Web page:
“My interest was piqued when I went to Alaska,” says Umi. “I was speaking with Native Americans there and was bothered because I couldn’t answer their questions about Island culture.” Now Umi’s knowledge and interest range over the breadth of the ancient Hawaiian arts.
Like many weapons makers, Umi began with the archetypical lei o mano. “The first one,” Umi says, “was made from the wood of a mango tree I cut down in the back yard.” There were negotiations with his mother regarding the tree. “I also made a coffee table and a TV table from that mango tree. Then I made the lei o mano.” Umi already dabbled in woodwork, but when it came to Hawaiian weapons, he says, “I had to teach myself. I saw an old lei o mano that my uncle, John Cummings, had.” Interestingly, Umi points out, “These lei o mano were relatively rare: In a battle, out of 5,000 warriors, maybe ten or eleven had them.” Most went into battle with spears and daggers. The ali‘i preferred the newa because it was the simplest weapon to wield in combat.
For Umi, the educational aspect of culture is paramount. He likes to start at the beginning. Most weapons makers work with modern power tools. With band saws, drill presses and grinders. It’s a practical matter; the hard wood of kauila can seize up a chainsaw. But Umi thinks it’s important to understand the culture as it was. Now and then, he makes a weapon in the old way: Chipping it out with an adze; grinding it down with rasps and coral stones; boring holes with a huli, the ancient Hawaiian version of a bow-drill. The traditional tools may seem tedious, but Umi says, “They just take a little longer, a little more patience. But you develop that patience.” And that patience was also a part of the culture.
Umi is also an ‘olohe—a teacher of lua. He tries to impart that same patience to his students. Although he makes some weapons to sell, he doesn’t sell them to his students. “For educational reasons,” he says, “I make them learn how to make their own.”
As an executive in the rental-car industry, Umi Kai lives a full life in the modern world. But he takes any opportunity to educate people about traditional Hawaiian culture. He occasionally teaches classes at the University of Hawai‘i. He gives presentations on traditional weapons at community colleges. At the Outrigger Hotel, he gives lectures on ancient crafts to employees and tourists. When enough people express an interest, he teaches a course in traditional hau cordage. “I teach them how to select, prepare, strip, clean and braid with it,” he says. As he speaks, his right hand automatically begins to hilo down his thigh—to spin a baste of imaginary hau into twine. Most of his weapons are tethered with cordage made either by Umi or his wife.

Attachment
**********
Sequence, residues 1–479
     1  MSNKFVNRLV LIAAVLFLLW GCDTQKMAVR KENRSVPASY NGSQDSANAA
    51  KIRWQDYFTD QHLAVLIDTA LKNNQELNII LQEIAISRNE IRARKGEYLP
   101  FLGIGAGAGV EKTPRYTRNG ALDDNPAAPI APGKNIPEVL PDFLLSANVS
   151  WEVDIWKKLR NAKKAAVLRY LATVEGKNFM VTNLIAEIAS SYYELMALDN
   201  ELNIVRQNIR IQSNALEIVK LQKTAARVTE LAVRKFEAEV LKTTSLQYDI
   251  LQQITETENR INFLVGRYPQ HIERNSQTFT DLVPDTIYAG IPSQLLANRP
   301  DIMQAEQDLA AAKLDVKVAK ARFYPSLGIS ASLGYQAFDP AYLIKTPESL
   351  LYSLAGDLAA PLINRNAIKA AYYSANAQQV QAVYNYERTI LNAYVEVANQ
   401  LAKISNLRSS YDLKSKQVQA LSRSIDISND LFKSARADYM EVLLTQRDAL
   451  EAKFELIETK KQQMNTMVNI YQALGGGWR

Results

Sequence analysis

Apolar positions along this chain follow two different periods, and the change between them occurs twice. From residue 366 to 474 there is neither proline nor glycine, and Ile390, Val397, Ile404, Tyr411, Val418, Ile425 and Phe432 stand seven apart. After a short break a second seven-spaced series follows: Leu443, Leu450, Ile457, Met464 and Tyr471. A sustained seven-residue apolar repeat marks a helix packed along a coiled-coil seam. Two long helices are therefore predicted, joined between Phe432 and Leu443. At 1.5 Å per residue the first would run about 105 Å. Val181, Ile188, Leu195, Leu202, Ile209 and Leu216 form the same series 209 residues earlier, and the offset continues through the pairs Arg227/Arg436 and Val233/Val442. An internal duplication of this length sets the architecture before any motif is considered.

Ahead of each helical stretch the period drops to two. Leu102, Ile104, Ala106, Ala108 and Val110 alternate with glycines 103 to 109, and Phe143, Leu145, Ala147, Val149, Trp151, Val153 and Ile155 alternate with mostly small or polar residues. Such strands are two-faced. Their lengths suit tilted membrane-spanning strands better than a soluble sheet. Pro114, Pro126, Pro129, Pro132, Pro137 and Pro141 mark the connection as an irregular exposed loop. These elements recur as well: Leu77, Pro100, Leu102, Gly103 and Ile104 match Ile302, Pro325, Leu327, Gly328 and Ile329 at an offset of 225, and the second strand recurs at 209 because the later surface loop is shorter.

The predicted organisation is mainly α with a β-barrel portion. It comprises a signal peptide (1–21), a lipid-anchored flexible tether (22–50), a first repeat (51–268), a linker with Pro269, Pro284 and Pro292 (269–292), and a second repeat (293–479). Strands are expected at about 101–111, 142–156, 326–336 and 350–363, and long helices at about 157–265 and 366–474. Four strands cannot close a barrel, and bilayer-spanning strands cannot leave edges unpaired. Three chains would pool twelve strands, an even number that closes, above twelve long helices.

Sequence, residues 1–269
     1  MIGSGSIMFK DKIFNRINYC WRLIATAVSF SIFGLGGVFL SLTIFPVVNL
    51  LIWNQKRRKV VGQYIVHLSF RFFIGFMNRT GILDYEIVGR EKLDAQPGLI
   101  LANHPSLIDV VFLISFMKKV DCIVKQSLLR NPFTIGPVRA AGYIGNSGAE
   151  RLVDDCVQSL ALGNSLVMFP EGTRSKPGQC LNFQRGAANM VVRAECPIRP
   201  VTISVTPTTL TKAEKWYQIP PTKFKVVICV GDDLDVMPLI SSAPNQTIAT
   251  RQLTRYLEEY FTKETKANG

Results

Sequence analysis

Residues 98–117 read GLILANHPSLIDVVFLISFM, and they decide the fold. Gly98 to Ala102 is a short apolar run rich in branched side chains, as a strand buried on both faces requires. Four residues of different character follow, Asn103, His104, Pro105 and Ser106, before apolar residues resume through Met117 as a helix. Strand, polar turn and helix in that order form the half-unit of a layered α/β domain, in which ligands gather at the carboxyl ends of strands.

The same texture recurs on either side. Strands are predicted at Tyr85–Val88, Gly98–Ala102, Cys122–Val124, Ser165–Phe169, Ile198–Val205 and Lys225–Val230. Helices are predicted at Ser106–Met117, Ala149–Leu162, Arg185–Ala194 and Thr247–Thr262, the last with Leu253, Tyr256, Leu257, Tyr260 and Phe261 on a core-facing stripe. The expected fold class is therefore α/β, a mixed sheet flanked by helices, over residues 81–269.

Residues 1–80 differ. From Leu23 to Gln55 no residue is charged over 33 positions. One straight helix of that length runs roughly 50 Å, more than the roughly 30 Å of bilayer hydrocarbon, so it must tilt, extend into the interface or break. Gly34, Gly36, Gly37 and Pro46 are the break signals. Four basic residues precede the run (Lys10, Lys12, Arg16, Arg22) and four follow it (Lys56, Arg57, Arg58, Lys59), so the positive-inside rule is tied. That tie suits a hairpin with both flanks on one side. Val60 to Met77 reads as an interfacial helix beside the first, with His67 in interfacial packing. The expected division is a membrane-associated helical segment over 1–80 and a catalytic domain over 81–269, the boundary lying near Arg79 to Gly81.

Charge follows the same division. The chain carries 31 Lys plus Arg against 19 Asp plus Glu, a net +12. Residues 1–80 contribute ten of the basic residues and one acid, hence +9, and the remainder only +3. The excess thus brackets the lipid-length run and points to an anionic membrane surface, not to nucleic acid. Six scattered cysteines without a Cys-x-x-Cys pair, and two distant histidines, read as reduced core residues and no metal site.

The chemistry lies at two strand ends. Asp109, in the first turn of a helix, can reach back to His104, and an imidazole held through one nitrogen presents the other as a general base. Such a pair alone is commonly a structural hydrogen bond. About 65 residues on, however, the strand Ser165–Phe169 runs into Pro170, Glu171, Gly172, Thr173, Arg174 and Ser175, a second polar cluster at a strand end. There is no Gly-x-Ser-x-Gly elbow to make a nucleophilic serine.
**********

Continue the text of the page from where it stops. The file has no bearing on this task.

Sometimes, lua gives him unusual opportunities to teach. Recently, a martial arts friend asked him to give a presentation at his dojo. In the gymnasium of Nu‘uanu Elementary School, while the karate students go through their training, Umi spreads his collection of mea kaua upon a broad lau hala mat. As people meander by, he answers questions about the weapons. Someone asks about a smooth, two-edged piece of basalt. “This is a hand-axe,” he says, palming the broad, flat stone and wielding it back and forth. “No one knows the old Hawaiian name for it.” A young Hawaiian man asks about a newa, studded with human molars. Umi explains that traditionally, a warrior would have taken these teeth from a victim—to get some of his mana. “But these were volunteers,” he says with a smile.
Umi demonstrates the huli for some children, smartly drilling a hole in a scrap of lumber. The bit of the drill is a flattened nail. When someone asks what the traditional bit would have been, Umi roots about in his gear and pulls out a long, square-headed bit carved from the middle of a cone shell. “It’s the hardest part of the shell,” he says. “Sometimes they made the bit out of rat’s teeth. Or a piece of obsidian.”
Umi’s collection ranges beyond weapons because, for him, mea kaua are woven into a larger fabric. “I don’t separate the culture,” he says. Beside his lau hala mat lies the jaw of a tiger shark, rife with teeth. Although the teeth were fundamental to Hawaiian weapons, “We would have used the skin, too,” he says. “For drums and sandpaper.” Now, of course, sharks’ teeth and sharkskins are hard to find. Umi ticks off the list of vanishing cultural resources: whale bone, whale teeth, turtle shells, human bones. And the essential native hardwoods. “There should be a whole valley set aside to propagate native woods,” says Umi. “They do that in the Marquesas. There, traditional craftsmen hold a kind of lottery to determine who gets the wood.” He pauses for a moment and adds, “And they should quit castrating our coconut trees.” Like Manny Matos, Umi sees the whole culture embodied in the forest.
Up on the slopes of Pu‘uwa‘awa‘a, Manny has arranged a small ceremony. After a friend delivers a short pule—a prayer to both the Christian and Hawaiian gods—Manny talks briefly about the forest and about his hopes for a cultural preserve there. Then his attention turns to the old dead kauila. In its burnt and tortured outlines, he envisions lei o mano, pololu and ihe. “To me,” he says, “this is as close as I can get to a living tree to harvest. Three or four months ago, this tree was still struggling to survive. I think the life-force is still there.” Manny’s voice cracks a little as he talks about the tree. Solemnly, he leans in to pay his last respects. Then he steps back and the craftsman in him takes over. “All right. We can take ’em down now,” he says.